especially in tropical regions (high confidence).
The increasing frequency of high water levels can have severe impacts in many locations depending on exposure (high confidence). Sea level rise is projected to continue beyond 2100 in all RCP scenarios. For a high emissions scenario (RCP8.5), projections of global sea level rise by 2100 are greater than in AR5 due to a larger contribution from the Antarctic Ice Sheet (medium confidence). In coming centuries under RCP8.5, sea level rise is projected to exceed rates of several centimetres per year resulting in multi-metre rise (medium confidence), while for RCP2.6 sea level rise is projected to be limited to around 1m in 2300 (low confidence). Extreme sea levels and coastal hazards will be exacerbated by projected increases in tropical cyclone intensity and precipitation (high confidence). Projected changes in waves and tides vary locally in whether they amplify or ameliorate these hazards (medium confidence). {Cross-Chapter Box 5 in Chapter 1; Cross-Chapter Box 8 in Chapter 3; 4.1; 4.2; 5.2.2, 6.3.1; Figures SPM.1, SPM.4, SPM.5}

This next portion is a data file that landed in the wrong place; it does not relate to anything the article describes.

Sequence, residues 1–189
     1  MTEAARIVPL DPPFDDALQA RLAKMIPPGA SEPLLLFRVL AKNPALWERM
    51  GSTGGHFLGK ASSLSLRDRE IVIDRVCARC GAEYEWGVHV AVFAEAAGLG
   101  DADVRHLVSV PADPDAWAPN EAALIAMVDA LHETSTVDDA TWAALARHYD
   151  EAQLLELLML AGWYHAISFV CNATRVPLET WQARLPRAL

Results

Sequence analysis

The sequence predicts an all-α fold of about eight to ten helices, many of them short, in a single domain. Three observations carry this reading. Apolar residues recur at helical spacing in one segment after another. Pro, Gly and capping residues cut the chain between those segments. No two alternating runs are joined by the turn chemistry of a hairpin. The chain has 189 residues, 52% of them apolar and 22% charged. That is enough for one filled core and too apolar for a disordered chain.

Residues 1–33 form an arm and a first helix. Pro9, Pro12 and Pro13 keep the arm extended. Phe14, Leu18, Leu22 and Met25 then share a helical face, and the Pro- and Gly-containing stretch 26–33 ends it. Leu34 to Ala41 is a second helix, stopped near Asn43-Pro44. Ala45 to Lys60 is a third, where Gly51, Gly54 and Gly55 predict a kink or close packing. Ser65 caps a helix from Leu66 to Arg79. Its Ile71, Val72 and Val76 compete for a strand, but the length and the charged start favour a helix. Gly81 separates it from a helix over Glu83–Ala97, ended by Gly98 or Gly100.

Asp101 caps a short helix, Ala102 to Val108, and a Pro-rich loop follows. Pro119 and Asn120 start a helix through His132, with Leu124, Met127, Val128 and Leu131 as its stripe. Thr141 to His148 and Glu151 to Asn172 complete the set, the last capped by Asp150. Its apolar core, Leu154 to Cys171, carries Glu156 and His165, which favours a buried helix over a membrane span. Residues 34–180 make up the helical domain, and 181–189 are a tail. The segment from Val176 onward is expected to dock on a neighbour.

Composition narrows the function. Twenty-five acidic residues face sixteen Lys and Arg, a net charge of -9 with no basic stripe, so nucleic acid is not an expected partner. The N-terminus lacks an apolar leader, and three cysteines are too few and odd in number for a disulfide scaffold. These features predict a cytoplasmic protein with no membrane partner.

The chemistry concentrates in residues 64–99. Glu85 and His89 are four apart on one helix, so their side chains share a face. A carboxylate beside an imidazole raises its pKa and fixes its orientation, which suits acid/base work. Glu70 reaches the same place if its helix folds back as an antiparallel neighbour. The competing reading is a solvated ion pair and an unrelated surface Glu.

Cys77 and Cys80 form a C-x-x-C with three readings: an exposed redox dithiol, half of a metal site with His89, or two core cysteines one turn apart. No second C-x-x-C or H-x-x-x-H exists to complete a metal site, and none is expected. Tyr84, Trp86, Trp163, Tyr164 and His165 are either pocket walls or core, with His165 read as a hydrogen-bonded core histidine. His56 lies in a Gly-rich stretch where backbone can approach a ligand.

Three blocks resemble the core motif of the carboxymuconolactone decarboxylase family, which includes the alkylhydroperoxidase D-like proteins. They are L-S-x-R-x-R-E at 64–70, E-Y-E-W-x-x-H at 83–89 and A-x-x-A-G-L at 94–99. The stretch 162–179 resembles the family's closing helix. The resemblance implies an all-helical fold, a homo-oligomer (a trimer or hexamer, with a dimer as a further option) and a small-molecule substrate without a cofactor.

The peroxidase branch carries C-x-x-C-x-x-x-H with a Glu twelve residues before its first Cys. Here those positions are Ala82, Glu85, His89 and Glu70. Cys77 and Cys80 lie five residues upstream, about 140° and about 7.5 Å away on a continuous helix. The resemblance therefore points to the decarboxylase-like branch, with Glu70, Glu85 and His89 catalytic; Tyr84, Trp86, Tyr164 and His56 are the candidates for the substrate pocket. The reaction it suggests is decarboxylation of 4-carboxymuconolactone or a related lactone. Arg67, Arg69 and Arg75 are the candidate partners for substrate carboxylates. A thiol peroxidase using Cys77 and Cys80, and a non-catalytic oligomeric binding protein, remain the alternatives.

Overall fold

B3.3 The rate of global mean sea level rise is projected to reach 15 mm yr–1 (10–20 mm yr–1, likely range) under RCP8.5 in 2100, and to exceed several centimetres per year in the 22nd century. Under RCP2.6, the rate is projected to reach 4 mm yr-1 (2–6 mm yr–1, likely range) in 2100. Model studies indicate multi-meter rise in sea level by 2300 (2.3–5.4 m for RCP8.5 and 0.6–1.07 m under RCP2.6) (low confidence), indicating the importance of reduced emissions for limiting sea level rise. Processes controlling the timing of future ice-shelf loss and the extent of ice sheet instabilities could increase Antarctica’s contribution to sea level rise to values substantially higher than the likely range on century and longer time-scales (low confidence). Considering the consequences of sea level rise that a  collapse of parts of the Antarctic Ice Sheet entails, this high impact risk merits attention. {Cross-Chapter Box 5 in Chapter 1, Cross-Chapter Box 8 in Chapter 3, 4.1, 4.2.3} B3.4 Global mean sea level rise will cause the frequency of extreme sea level events at most locations